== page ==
Frank: CSU’s investment in rural Colorado | VailDaily.com
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Frank: CSU’s investment in rural Colorado

Tony Frank
Guest opinion

Over the past year and a half, Colorado’s rural communities have been particularly hard hit by the pandemic, as well as by drought, fires, the pullout of extraction industries from some communities and other challenges such as lack of access to reliable internet service. These communities are resilient and strong — and together, we can optimize that strength and the potential of these communities for future generations.

Tony Frank

The Board of Governors of the CSU System this summer made an unprecedented decision to invest $8.58 million over the next three years in expanded support for rural Colorado students and communities. With this new investment, we will be providing additional scholarship and financial support for 4-H students and alumni from rural areas, with a goal of increasing rural student enrollment by 40% and closing graduation gaps.

We’ll also be working on creating a new Extension model focused on the needs of older adults, sort of a 4-H for senior Coloradans. We’ll be focused on supporting a concrete set of efforts to improve health, promote vibrant communities and a thriving rural economy for Colorado.



Higher education’s highest responsibility is to educate our students, but land-grant universities also have — as part of their statutory mission — a commitment to serve the whole state with research, engagement and access to opportunities for learning. CSU has always treated that mission as a high calling, and this action by our board enables us to move needed programs and opportunities ahead much more rapidly at a time when the need is particularly great.

At all of our CSU System campuses, our goal is to ensure that any student — every student in Colorado with the desire for a college education — has that chance. This can be at a large research university. It can be at a smaller regional comprehensive university with diversity that exceeds that of the population of our state. It can be at a fully online university, even if you’re not college age and are working and raising your own family. Our campuses all share the same foundational goal: open doors to human improvement.



And while this goal hasn’t wavered, time has clearly broadened who we serve and how we do it. As a school founded and forever committed to be Colorado’s agricultural campus, CSU now faces the reality that the urbanization of our nation has resulted in the majority of students coming from the Front Range and areas near a metropolitan center.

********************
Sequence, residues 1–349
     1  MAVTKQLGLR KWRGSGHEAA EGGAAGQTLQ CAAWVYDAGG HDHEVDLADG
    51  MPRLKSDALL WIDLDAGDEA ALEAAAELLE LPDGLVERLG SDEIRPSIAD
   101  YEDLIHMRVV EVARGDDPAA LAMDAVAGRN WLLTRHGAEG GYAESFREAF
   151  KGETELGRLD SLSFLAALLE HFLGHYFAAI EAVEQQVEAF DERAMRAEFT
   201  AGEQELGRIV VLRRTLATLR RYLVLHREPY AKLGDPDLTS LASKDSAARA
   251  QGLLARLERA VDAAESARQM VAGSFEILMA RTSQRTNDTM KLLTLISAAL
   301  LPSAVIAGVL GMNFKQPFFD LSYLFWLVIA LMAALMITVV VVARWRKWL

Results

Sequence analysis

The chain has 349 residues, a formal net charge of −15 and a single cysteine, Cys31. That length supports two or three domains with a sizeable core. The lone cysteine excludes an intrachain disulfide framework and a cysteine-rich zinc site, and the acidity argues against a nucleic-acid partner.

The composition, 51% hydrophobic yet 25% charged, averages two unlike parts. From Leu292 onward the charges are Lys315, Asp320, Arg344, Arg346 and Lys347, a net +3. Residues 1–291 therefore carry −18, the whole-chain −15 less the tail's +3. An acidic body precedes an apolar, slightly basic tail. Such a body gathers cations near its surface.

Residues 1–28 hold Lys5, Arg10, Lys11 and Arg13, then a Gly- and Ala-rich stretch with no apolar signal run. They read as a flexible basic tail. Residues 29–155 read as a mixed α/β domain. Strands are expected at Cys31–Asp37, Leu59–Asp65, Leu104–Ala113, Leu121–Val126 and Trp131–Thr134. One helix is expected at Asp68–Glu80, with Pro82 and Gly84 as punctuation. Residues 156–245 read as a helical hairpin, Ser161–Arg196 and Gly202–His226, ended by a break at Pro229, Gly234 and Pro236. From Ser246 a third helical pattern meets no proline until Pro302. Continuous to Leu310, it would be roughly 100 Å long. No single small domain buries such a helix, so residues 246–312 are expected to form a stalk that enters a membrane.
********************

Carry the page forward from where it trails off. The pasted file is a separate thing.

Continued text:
In Lincoln’s day, the children coming out of rural America were nearly 100% new to the concept of a college education, and we recognized the need to support them differently — in that case, with a new system of universities. Over time, we expanded that approach of special support to help many others new to the college experience — veterans on the GI Bill and first-generation students being prime examples.

But while we did so, challenges also remained in rural America, and these have grown in recent years. Today, a lot of kids in smaller, rural areas around our state are again struggling to see themselves at their own state university, which is now in many cases larger than the towns in which they were raised.

And those towns’ connection to Colorado’s land-grant university — which runs the county 4-H programs, manages the state Forest Service, operates research stations in all corners of the state to support the needs of the agricultural community, and ensures there are extension staff serving every Colorado county — has also changed.

The concept of having an extension agent who serves as a multidisciplinary expert in a community is our commitment and starting point — and those positions traditionally tended to be farm- and ranch-oriented. But the specialization and sophistication of large-scale agriculture that feeds our world demands expertise beyond the scope of this traditional system. And the needs of rural communities have also expanded beyond agricultural production.

So extension has shifted to a model of partnership with county commissioners, where local needs — defined by the local community — can be paired with the appropriate parts of a large, modern research university. In this way, the evolution of CSU Extension has allowed it to become an important voice for the needs of communities, whether urban or rural.

As a land grant university, our mission is truly to serve the entire state. So even as we improve our connections to underserved urban communities, we remain firmly committed to understanding and expanding opportunities for service within the communities we were originally born to serve a century and a half ago. This latest investment by the CSU System is a testament to that commitment. To learn more about what’s planned and why, visit https://engagement.colostate.edu/reach-partnerships/expanding-rural-engagement/


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